This week we started to look at contours. I gave out a number of 1:25000 OS maps, from the OS Getamap subscription service, that showed the Coniston Fell Race route. We started by talking about what a contour line was, then how they described the shape of the land. We looked for the steep areas, the flat areas, valleys and ridges.
The question most often asked is “how do you tell a ridge from a valley”. I showed how the rivers were in the valleys and also talked about the benefit of looking at the contours when in the area, as that gives an immediate perspective (assuming you know where you are).
Mark asked about the Harvey Map series, and said he thought these were easier to read, especially for the contours. We had a look a a Harvey map, and the general impression was that it is easier to see the contour shapes on that type of map.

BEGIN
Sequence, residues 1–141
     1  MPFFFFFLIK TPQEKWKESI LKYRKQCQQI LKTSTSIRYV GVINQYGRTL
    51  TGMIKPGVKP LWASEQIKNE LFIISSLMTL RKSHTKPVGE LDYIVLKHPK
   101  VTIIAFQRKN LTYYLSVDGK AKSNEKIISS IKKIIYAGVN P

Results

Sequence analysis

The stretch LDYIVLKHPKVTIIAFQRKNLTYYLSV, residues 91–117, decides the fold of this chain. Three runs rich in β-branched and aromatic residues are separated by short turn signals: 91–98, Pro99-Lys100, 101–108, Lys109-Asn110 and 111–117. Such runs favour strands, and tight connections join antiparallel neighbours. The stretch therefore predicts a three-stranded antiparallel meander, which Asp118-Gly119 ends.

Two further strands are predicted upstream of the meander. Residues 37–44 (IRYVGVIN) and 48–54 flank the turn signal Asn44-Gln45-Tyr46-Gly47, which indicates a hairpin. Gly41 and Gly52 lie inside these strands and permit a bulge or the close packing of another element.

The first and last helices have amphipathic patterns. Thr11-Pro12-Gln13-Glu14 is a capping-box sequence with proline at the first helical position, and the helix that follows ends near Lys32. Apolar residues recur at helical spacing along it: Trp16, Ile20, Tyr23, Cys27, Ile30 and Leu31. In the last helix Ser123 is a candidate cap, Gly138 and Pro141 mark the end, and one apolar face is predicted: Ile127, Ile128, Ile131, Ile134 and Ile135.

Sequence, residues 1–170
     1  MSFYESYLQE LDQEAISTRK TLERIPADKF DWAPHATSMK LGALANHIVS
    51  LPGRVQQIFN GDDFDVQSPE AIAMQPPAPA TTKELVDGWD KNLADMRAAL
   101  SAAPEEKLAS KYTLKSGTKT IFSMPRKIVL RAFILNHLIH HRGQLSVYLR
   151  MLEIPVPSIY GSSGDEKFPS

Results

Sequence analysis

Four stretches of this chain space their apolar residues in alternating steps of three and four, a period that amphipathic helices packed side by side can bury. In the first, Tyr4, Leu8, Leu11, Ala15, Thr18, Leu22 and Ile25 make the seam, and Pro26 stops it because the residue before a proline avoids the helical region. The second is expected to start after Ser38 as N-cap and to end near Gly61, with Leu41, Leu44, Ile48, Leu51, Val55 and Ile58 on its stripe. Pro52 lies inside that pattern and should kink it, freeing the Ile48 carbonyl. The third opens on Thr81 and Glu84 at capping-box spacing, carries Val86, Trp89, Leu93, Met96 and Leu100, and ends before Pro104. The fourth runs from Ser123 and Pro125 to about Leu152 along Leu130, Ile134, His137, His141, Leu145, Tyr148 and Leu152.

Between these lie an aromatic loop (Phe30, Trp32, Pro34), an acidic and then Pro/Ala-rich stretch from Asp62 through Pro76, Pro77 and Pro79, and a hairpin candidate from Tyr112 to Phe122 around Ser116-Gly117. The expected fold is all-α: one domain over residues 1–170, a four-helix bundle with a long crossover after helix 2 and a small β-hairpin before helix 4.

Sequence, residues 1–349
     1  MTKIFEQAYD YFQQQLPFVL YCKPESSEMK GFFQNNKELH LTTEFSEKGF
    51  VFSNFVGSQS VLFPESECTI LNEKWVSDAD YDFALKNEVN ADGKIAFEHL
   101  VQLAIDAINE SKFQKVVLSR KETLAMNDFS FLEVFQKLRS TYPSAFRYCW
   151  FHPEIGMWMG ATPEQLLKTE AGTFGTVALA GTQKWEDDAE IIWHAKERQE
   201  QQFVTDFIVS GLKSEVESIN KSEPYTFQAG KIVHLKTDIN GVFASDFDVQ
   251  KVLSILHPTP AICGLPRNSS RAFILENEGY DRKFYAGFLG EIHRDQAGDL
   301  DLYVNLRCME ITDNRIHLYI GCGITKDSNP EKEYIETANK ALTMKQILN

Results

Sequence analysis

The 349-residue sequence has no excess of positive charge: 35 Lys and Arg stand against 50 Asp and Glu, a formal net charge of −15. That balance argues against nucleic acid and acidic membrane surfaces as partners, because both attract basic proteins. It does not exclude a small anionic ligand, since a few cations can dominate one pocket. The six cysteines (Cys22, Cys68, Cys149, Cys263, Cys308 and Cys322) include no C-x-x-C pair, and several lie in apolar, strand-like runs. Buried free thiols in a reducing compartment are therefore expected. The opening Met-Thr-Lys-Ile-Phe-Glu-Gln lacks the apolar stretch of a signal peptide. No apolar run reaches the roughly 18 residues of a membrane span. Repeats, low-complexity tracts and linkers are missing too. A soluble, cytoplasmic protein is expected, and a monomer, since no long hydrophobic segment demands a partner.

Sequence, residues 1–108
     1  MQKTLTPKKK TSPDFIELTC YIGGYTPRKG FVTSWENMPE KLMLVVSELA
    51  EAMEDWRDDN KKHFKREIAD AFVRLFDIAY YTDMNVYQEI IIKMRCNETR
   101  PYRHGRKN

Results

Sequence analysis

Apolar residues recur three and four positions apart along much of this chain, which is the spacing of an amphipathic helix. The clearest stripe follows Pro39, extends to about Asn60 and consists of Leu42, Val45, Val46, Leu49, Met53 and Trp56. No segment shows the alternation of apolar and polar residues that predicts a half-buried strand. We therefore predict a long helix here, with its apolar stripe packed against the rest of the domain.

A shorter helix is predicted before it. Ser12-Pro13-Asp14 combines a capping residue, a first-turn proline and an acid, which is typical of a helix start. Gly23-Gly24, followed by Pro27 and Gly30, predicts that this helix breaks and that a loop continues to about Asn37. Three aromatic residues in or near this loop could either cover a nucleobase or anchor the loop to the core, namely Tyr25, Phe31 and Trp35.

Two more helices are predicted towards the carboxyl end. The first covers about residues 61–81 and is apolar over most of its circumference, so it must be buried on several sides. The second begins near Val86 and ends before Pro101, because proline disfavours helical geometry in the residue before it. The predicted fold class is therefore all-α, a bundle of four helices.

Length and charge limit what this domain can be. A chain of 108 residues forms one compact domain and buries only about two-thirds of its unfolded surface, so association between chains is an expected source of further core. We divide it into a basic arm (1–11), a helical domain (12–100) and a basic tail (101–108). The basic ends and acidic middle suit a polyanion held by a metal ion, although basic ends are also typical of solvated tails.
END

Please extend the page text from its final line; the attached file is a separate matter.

After a break we went on to practise more compass bearing work. We laid out a grid as shown here. The cones were arranged in rectangles so that the bearings were 30 degrees to the West or East of North or South. This allowed me to use the same compass bearing cards from the previous exercises to create courses through the grid. People started at one letter and finished at another (usually, some courses ended up the same). Adam and I both had the answer sheets.
We paired people up, where necessary, and everyone took turns doing a course. This worked rather well and people were getting very confident by the end.
It is amazing to see how competent 8/9 year olds can be doing this sort of exercise.
I wrapped up by talking about what they had practised, and about how we are going to go on tour after Easter to all of the local evening events. There seems to be a deal of enthusiasm for this. It is made much more complex than it should be as the full details have not yet been released. Must tell them about the schools events too!